Microsoft unveiled Microsoft Teams at an event in New York earlier this month. This is an Office 365 component that adds a group chat tool to the pre existing office suite.
Teams is a competitor to Slack. This web-based software pulls together messaging, archived content and search capabilities.
Microsoft CEO Satya Nadella described it as a “chat-based workspace” – so Teams combines informal chatting and productive collaboration. The app combines the online Office applications, Skype, Exchange servers, Azure, security and more, all in one piece of software.
Teams or Slack?
When viewing demos or screenshots of Microsoft Teams, you could be forgiven for confusing it with a new version of Slack. The user interfaces look extremely similar, and it uses the same general “channels” and individual/small group chat design language.
Teams also incorporates plenty of other familiar Slack features. This includes in-line animated GIFs and assistant bots, including one (“WhoBot”) that’s designed to find individuals in your organisation based on their specialties or assignments.
A common complaint among Slack users is the app’s dearth of email-style threaded conversations. Teams will in fact, support threaded conversations on day one. Threading will make it easier for users to visually follow the flow of a conversation. Without it, messages simply appear on the screen as they are typed by each party.
Free You Say?
Well, you can’t access it from any Office 365 subscription, only certain ones. So Teams isn’t exactly free, but if your organisation is already on one of these license plans then it won’t cost any extra; Business Essentials, Business Premium, Enterprise E1, E3, E5 and E4 (for those who purchased the plan before it was retired). Like any Office application though, it’ll be up to your company’s IT department whether or not to deploy it to users in the organisation, so it’s best to chat with them and work something out.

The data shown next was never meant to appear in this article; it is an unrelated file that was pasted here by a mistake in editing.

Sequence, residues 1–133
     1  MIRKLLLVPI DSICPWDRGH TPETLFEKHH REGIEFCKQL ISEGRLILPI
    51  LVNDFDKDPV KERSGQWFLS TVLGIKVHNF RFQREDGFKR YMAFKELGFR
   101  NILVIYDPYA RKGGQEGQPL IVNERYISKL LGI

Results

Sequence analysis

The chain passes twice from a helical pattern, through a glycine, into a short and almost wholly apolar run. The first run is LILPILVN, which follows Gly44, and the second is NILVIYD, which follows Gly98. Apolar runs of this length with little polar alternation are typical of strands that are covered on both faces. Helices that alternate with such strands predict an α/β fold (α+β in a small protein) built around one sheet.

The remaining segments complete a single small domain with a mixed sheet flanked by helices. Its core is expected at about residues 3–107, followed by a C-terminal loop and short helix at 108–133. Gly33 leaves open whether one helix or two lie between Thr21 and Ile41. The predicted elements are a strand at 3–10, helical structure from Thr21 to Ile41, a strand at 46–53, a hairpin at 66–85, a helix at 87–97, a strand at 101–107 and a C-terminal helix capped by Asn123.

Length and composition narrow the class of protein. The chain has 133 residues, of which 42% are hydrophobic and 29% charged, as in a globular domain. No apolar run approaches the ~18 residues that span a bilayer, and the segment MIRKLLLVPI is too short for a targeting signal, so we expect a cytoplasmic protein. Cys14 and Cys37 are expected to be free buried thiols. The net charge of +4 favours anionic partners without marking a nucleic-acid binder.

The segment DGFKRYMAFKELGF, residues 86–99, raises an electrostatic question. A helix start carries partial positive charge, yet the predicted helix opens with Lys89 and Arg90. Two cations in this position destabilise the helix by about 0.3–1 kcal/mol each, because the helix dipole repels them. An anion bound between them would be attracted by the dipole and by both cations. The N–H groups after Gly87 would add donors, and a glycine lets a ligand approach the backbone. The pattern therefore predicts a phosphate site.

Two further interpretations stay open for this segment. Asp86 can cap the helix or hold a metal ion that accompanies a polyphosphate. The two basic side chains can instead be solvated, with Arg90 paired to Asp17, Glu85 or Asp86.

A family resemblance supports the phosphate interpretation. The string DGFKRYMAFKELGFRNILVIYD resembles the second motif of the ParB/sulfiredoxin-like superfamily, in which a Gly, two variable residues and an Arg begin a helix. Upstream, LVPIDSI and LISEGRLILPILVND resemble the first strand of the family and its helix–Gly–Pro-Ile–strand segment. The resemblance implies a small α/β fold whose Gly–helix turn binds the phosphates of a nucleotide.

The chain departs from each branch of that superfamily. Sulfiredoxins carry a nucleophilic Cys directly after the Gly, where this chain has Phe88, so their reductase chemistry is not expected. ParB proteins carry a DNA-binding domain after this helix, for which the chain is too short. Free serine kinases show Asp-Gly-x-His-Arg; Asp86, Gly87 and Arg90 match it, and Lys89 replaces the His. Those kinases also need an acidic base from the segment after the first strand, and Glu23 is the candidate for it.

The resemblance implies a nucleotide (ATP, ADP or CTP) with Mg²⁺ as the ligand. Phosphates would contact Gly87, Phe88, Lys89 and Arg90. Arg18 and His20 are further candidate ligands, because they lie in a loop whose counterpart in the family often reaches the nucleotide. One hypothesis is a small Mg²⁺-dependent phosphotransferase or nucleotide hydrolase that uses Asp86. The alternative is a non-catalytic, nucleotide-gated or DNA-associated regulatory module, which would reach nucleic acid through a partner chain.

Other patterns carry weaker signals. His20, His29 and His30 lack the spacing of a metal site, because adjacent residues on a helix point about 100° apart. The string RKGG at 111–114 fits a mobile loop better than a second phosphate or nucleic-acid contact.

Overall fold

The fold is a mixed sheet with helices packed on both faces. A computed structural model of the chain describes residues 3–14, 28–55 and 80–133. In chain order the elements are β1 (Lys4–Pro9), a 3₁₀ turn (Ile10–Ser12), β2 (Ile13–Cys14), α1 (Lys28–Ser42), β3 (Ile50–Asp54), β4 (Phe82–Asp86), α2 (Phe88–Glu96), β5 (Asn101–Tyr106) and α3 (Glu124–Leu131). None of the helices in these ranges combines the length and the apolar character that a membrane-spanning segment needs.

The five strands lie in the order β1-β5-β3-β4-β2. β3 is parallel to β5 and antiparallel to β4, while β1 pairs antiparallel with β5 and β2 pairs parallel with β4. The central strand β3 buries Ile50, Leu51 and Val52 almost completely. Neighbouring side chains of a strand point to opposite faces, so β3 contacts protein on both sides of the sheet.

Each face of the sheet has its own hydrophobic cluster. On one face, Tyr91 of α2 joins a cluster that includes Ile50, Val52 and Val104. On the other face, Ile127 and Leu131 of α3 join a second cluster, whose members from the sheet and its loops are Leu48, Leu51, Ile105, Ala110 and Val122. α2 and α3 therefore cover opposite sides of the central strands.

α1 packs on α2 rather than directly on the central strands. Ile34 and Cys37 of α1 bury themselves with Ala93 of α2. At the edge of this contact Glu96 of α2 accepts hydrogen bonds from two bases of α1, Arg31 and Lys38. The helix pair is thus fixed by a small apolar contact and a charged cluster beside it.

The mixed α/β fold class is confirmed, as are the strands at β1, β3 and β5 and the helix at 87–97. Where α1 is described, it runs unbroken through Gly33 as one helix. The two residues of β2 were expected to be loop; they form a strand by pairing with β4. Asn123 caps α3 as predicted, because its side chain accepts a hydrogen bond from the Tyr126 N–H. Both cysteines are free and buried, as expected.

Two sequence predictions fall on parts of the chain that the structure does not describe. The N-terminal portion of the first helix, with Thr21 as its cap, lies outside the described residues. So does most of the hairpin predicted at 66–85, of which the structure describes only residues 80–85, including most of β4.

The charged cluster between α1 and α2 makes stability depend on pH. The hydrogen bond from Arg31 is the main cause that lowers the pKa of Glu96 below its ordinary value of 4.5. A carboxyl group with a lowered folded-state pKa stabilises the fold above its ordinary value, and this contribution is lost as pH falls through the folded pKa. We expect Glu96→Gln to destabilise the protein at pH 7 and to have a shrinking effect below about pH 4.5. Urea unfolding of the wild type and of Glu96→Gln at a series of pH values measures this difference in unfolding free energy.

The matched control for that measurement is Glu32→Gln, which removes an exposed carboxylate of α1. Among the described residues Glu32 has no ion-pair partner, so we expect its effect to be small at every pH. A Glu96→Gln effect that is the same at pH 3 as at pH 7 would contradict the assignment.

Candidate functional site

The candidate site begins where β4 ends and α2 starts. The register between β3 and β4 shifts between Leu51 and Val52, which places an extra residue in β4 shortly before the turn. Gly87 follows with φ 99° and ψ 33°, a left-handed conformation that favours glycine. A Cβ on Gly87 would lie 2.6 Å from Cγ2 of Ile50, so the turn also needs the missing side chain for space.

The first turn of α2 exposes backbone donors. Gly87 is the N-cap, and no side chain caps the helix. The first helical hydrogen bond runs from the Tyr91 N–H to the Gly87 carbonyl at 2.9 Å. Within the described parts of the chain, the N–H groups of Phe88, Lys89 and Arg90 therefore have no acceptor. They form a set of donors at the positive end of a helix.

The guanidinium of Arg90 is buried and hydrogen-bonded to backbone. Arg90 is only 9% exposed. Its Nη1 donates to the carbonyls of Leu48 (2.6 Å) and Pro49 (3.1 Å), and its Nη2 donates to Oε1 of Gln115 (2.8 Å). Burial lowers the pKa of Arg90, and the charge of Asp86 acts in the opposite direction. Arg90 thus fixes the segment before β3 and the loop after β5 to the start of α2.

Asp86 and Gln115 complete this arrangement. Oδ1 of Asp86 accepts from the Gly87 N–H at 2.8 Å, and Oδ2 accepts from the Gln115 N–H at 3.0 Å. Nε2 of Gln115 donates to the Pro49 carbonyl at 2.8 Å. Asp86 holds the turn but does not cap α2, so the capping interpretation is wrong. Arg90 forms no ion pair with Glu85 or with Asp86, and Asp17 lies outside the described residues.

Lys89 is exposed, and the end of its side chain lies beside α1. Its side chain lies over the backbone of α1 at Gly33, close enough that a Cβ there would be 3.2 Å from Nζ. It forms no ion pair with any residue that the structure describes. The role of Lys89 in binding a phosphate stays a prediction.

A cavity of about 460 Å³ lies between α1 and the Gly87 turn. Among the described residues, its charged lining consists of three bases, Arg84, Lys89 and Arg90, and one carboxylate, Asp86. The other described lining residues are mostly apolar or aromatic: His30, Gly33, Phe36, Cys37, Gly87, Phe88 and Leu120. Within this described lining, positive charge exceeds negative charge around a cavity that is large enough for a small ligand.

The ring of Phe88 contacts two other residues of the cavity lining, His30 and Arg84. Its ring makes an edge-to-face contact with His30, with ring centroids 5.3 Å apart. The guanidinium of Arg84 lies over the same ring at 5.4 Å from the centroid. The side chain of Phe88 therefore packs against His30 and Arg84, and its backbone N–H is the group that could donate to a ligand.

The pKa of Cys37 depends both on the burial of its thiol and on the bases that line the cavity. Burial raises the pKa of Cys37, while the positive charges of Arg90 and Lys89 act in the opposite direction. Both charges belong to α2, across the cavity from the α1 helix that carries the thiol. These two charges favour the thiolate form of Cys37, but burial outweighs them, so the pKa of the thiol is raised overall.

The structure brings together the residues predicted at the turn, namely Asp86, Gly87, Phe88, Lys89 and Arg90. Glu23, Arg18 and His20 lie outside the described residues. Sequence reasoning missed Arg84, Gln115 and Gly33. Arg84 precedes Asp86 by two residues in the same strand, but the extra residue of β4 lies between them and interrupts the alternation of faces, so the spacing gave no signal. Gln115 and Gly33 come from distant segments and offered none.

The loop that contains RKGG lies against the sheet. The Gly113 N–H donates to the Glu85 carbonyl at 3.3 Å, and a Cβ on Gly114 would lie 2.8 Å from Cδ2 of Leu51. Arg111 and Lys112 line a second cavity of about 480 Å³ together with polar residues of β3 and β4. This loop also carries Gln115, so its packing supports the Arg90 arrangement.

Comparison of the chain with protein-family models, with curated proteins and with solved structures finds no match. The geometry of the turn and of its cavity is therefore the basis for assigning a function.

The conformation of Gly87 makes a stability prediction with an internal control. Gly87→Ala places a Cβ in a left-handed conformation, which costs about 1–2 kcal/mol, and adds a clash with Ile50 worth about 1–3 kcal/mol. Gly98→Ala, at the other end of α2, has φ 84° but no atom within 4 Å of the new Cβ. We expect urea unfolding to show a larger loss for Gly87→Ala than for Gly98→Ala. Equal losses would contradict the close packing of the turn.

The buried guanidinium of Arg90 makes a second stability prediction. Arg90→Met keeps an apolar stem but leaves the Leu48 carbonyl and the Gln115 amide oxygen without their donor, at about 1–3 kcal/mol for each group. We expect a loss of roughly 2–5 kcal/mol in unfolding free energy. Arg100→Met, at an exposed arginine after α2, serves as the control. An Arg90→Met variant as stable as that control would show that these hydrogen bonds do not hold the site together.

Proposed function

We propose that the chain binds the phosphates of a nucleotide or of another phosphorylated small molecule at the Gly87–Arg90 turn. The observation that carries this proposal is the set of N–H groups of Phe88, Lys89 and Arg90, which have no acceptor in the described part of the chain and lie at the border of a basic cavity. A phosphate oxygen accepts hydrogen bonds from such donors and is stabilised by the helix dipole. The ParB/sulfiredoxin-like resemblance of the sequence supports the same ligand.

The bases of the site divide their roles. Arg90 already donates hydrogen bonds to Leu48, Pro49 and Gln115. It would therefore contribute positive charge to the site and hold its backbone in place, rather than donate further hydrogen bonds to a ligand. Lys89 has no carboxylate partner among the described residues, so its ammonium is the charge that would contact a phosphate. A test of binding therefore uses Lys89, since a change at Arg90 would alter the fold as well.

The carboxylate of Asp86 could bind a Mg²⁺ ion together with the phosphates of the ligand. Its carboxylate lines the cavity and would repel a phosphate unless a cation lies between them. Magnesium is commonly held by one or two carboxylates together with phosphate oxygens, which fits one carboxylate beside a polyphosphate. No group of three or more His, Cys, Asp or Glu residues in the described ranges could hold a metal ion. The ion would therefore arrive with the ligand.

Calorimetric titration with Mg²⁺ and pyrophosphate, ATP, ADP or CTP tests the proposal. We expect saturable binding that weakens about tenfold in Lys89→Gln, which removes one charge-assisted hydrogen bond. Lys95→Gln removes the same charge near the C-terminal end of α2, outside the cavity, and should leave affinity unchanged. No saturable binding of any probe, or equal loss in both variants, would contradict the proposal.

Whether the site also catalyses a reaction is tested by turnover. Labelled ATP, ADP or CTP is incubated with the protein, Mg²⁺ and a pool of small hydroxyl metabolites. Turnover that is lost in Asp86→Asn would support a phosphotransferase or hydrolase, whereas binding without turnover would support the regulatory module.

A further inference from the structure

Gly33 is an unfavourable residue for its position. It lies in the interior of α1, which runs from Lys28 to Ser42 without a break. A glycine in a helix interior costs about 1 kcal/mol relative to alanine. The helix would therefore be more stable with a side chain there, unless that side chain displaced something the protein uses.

Teams won’t be accessible if you’ve purchased a one time Microsoft Office software download or you’re an individual or family subscriber to Office 365. The new software aims itself at the enterprise/business market. This makes it stand out more from Slack, which is available to any ad hoc group who wants to try it.
Microsoft has, or will have, apps for Windows 10, Mac, Android, iOS, Windows Phone and even browser-based web clients. Assuming the web client is robust and works on Chromebooks, that should cover all but a few outliers.
Teams & Third Party Plug Ins
ZenDesk (customer service software) and Asana (a popular project management tool) have already said they’ll be working to integrate their services with Teams. This is a huge opportunity for future collaborations with software providers.
Comes Out 2017 Q1. But You Can Test Drive It Now!
Microsoft is aiming for the official launch of Teams by the end of March 2017. But a preview of Teams is available now. Again though, only to enterprise customers. At the bottom of this Microsoft page, the company notes that “IT admins can turn on Microsoft Teams as part of your Office 365 plan,” and offers an instructional video.
On the same page, Microsoft also highlights a free Office 365 Business Premium trial offer, which would allow participants to use the Teams beta as well.
Here’s the introductory video for you to get a grasp on the new Microsoft Teams!
There you have it! For us, we love the concept and we are currently testing the waters as the preview has been launched. It’s the best of Yammer, Slack, Office 365, Skype… all the ways of communicating for an SME like us, in one place. And although we still have all the other choices to use, the admins have peace of mind that all the content is within the confines of their access.
We can’t wait for the launch next year to see what else there is!